Connecticut Children’s Center for Cardio-Oncology Health and Innovation for Cancer Survivors (CHICS) instantiates a vibrant collaboration between our Center for Cancer & Blood Disorders, the Division of Diabetes & Endocrinology, Physical Therapy, Nutrition, and Health Systems Engineering, with the mission to detect and prevent heart damage in patients who have received cancer treatments that can be toxic to the heart.

What Is Cardio-Oncology?

Cardio-oncology is an emerging science and practice of the detection and management of cancer treatment-induced cardiac dysfunction, termed cardiotoxicity. Pediatric heart damage is an unfortunate byproduct of successful cancer therapy experienced by 50%+ of patients. As a result, childhood cancer survivors often experience long-term cardiovascular complications from cancer therapy, with a higher lifetime risk of heart failure. 

Connecticut Children’s Cardio-Oncology Clinic actively monitors cancer survivors for the earliest signs of heart damage, even before there are symptoms. Treatment at these early stages can halt, and even reverse, heart damage. Because heart complications can appear any time during/after cancer treatment, we advise survivors to keep their heart healthy through regular exercise, a heart-healthy diet, attending regular appointments, and completing surveillance tests.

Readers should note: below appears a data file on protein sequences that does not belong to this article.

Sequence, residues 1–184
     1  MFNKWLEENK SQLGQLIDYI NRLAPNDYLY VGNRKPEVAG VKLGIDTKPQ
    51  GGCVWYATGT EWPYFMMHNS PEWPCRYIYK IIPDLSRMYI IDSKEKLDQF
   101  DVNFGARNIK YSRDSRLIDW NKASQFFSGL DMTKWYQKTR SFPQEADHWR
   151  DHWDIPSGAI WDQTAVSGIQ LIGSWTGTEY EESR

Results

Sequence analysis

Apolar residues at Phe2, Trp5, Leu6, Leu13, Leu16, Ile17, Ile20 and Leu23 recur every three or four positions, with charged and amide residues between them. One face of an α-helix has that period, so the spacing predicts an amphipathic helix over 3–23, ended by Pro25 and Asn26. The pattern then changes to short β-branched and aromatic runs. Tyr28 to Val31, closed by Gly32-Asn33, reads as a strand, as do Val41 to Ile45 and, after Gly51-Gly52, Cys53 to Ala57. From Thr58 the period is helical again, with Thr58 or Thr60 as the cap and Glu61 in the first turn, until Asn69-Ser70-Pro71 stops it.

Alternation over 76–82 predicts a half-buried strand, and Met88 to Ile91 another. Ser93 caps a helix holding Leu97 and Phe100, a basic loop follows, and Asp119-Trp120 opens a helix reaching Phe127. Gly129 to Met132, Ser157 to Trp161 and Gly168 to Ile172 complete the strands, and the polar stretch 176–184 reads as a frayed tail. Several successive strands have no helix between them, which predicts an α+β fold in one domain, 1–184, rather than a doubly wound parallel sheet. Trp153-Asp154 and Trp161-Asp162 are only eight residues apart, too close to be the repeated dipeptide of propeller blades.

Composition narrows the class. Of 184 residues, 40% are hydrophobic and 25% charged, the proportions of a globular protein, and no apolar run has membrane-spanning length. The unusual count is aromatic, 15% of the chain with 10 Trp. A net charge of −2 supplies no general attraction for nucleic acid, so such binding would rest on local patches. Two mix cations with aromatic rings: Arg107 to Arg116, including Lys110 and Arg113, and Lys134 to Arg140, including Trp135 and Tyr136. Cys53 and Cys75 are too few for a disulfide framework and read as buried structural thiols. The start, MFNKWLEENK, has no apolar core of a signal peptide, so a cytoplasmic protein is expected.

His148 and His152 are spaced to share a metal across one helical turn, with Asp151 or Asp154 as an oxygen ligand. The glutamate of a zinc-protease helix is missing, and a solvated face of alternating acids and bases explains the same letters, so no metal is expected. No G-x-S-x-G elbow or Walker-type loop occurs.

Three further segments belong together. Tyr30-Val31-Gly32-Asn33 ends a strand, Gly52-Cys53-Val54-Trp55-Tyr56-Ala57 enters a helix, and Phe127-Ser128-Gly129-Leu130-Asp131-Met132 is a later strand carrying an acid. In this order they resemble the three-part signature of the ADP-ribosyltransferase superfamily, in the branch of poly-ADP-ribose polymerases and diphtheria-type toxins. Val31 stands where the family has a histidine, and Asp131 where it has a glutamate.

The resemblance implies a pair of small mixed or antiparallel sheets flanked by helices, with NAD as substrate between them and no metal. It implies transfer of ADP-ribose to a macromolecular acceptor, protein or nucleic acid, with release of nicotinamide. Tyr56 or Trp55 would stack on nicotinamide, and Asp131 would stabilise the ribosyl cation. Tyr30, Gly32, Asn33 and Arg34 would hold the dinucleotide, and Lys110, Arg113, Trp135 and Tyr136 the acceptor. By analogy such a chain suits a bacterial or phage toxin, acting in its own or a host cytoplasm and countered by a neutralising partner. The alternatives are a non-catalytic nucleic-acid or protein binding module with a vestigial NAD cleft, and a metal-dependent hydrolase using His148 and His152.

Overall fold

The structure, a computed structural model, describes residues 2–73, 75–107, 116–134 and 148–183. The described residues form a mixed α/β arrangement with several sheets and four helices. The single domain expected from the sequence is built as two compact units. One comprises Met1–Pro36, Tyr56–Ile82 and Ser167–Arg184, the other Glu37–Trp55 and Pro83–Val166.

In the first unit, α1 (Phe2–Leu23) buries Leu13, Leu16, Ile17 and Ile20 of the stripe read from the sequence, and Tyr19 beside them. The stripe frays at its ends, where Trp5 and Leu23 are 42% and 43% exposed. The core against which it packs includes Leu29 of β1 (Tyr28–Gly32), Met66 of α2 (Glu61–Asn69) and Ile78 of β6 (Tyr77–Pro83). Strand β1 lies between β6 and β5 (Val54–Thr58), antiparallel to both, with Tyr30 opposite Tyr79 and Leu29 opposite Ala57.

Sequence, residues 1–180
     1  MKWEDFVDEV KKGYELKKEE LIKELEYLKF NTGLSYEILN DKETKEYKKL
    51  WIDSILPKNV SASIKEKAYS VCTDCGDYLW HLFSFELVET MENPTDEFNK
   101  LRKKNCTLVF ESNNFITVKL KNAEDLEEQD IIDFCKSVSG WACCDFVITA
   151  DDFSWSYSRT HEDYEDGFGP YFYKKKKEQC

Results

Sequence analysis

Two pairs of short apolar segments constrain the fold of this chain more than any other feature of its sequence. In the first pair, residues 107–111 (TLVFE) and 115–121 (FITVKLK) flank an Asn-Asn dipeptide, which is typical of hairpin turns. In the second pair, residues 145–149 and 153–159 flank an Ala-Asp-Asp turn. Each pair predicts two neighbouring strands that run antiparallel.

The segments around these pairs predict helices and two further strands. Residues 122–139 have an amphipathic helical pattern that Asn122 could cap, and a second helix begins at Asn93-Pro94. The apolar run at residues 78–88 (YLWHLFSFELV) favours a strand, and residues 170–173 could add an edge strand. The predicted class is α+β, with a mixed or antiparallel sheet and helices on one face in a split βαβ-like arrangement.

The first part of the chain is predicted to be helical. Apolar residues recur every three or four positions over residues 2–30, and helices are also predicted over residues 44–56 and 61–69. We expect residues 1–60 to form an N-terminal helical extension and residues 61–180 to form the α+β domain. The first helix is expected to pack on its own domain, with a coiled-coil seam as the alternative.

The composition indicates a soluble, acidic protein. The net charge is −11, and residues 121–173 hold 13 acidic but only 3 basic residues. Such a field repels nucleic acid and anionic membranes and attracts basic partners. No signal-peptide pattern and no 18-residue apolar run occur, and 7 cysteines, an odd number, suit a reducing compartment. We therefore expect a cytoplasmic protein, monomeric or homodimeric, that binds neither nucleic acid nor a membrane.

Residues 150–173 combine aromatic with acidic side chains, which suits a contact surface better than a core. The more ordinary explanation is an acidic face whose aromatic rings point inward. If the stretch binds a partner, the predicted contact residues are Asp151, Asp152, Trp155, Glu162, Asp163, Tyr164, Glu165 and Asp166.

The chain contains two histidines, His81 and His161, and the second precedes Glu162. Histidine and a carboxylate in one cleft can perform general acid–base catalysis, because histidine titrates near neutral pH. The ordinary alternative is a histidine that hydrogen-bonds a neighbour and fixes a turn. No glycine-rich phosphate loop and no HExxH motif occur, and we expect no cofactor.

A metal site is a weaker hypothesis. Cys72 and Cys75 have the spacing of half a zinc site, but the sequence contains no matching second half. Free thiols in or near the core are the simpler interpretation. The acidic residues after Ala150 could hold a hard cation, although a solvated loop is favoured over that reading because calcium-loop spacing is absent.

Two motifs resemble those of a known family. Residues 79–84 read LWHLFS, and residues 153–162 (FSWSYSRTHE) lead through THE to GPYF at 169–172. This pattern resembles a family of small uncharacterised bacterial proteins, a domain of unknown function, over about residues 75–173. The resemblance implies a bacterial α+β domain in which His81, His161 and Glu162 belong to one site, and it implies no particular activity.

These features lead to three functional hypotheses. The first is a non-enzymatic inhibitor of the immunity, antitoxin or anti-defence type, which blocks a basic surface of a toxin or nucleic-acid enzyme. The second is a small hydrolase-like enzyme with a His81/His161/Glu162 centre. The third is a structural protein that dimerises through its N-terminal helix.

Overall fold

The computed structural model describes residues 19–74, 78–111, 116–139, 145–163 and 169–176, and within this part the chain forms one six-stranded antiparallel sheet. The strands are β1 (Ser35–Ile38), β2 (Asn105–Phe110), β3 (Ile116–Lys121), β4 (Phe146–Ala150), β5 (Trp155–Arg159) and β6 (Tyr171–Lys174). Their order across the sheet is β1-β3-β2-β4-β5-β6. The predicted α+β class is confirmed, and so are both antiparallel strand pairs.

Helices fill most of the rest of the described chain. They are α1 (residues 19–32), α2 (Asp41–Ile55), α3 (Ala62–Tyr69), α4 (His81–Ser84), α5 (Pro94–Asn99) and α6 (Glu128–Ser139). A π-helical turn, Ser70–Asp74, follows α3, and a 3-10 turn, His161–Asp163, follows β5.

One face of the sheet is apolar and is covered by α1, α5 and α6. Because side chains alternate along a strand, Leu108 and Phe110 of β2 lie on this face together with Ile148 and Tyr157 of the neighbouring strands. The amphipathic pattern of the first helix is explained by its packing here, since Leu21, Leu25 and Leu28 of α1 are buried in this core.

Why Is Cardio-Oncology Important?

Advances in cancer therapy have led to significantly longer cancer-free survival times over the last 40 years. Improved survivorship has highlighted the impact of cardiovascular disease in the pediatric cancer population, coupled with increasing recognition of the adverse cardiovascular effects of novel cancer therapies. We offer dedicated cardio-oncology services that span 1) pre-treatment risk stratification, 2) surveillance, 3) diagnosis, 4) monitoring of cardiotoxicity during cancer therapies, and 5) late effects screening following completion of treatment.

Innovations in Early Detection

Connecticut Children’s Cardio-Oncology team leverages existing resources with custom tools to detect cardiotoxicity early and accurately, via:

  • Cardiac Magnetic Resonance Imaging (CMR) – Our cardio-oncology team uses a multimodality approach, including CMR technology, which shows “real-time heart function at high resolution.” In turn, the automation of cardiac image processing is combined with our expert medical judgment to detect the earliest heart damage, which prevention can be most effective.